It is no breaking news that freshwater scarcity is getting scarier by the day. Equally shocking is the fact that water continues to be a tool in the hands of both the political class and the market forces, which either fling it as a free product or put an economic tag on it. On both the accounts, it is left to the ecologists to sustain quantity and quality of freshwater flows and to the engineers for designing structures to bridge the growing supply-demand gap.
Freebies only amplify demand-supply gap
Yet, free water allocation remains a political response to address the issue of temporal scarcity. Such populist measures pose undue challenge to both the ecologists and the engineers. Working at cross-purposes to each other, such a situation stretches existing supplies alongside endangering the perennial water sources. Since water bills are measured in currency and not in volume of water consumed, each new allocation (that too, free) adds to amplifying the demand-supply gap.
Without doubt, water is a human right and every state is obliged to protect it. Whether it be priced or given free, it is a state’s responsibility to bring equitable distribution of water among its citizens, irrespective of their social and economic statuses. The question that begs attention is whether or not human rights can be protected without first protecting the very source of water!
Can the phenomenon of free-rider behaviour, the consumption and pollution of water by some at the expense of others be allowed to persist? Can the rich and resourceful be permitted to increase their water footprints at the cost of those who imprint their feet on land in search of water? Can equitable distribution be ensured without bringing a semblance of order in the water footprint of a growing consumer society?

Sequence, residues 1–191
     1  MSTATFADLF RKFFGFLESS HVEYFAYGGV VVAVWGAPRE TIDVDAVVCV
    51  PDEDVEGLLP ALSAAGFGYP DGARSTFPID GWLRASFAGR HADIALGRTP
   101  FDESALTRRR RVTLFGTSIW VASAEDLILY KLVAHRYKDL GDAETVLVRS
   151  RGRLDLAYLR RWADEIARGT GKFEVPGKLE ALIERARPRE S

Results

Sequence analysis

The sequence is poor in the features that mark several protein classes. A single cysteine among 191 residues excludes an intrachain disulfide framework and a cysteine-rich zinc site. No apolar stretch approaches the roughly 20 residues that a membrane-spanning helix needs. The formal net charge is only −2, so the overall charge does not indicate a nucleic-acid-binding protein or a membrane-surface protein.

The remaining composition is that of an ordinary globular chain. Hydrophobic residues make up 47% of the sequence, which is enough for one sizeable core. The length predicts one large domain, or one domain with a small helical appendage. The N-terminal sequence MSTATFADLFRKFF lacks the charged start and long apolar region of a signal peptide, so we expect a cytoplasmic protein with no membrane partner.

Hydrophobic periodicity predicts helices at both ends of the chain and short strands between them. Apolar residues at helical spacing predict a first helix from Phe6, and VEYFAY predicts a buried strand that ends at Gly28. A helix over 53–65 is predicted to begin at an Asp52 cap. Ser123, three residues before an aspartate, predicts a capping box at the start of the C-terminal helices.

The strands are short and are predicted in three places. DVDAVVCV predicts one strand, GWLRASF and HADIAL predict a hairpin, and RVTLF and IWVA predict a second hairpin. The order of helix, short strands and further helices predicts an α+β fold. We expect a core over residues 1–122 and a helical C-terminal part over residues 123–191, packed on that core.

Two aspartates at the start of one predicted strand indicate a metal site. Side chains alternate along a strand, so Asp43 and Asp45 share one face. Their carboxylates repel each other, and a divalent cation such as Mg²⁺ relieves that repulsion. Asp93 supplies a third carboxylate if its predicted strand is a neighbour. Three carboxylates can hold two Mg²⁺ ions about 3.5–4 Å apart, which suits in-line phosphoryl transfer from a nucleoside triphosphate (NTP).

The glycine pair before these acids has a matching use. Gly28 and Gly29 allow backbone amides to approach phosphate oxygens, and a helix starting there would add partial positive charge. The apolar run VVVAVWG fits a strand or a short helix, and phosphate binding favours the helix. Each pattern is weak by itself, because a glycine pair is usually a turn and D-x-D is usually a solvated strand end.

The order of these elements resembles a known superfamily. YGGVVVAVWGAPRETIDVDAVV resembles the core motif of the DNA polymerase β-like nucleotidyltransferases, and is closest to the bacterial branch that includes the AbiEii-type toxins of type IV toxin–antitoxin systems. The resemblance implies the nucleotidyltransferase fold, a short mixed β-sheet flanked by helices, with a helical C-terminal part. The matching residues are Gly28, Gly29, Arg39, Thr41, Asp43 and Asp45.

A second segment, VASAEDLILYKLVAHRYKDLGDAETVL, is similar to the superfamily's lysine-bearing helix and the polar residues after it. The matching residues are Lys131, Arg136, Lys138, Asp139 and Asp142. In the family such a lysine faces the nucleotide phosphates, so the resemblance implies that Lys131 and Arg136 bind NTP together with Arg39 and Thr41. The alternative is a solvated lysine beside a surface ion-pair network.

Understanding water footprint and virtual water
The water footprint of a consumer reflects the net amount of water used in producing the commodities that s/he consumes. On the other hand, the water footprint of a commodity is the total volume of freshwater used to produce the commodity , measured over the entire production chain. Simply put, it means that 8,000 litres of water produces a pair of jeans and a can of aerated drink consumes between 168 to 309 litres of water in its production process.
Clearly, the water footprint of someone wearing jeans and holding an aerated drink is several times more than the one who possess neither of the two. Neither can there be any legal binding on personal consumption nor can a moral imperative be of any consequence. It is equally unlikely if anyone will voluntarily shun his or her consumptive needs to free freshwater, locked up in the products, for fellow citizens living in unserved urban shanties.
Aren’t there valid reasons for such a behaviour? First, the consumers are not aware of the concept of virtual water (refers to the hidden flow of water if food or other commodities are traded from one place to another) and two they don’t see any fallout from what they consume on water scarcity in a society. Since the concept of water footprint is alien to them, consumers are unlikely to hold themselves responsible for the plight of those who lack access to water within their locality or beyond. It offers a win-win solution for the politicians to resort to free water allocation to resolve the virtual conflict. Since ‘real’ water is seen as that which flows through the tap and not that which lays trapped as ‘virtual’ water in a product, the idea of water footprint rarely gets the attention it deserves in a situation where in freshwater is getting scarcer by the day, or by the hour. Consequently, water crises remain an exercise in politics.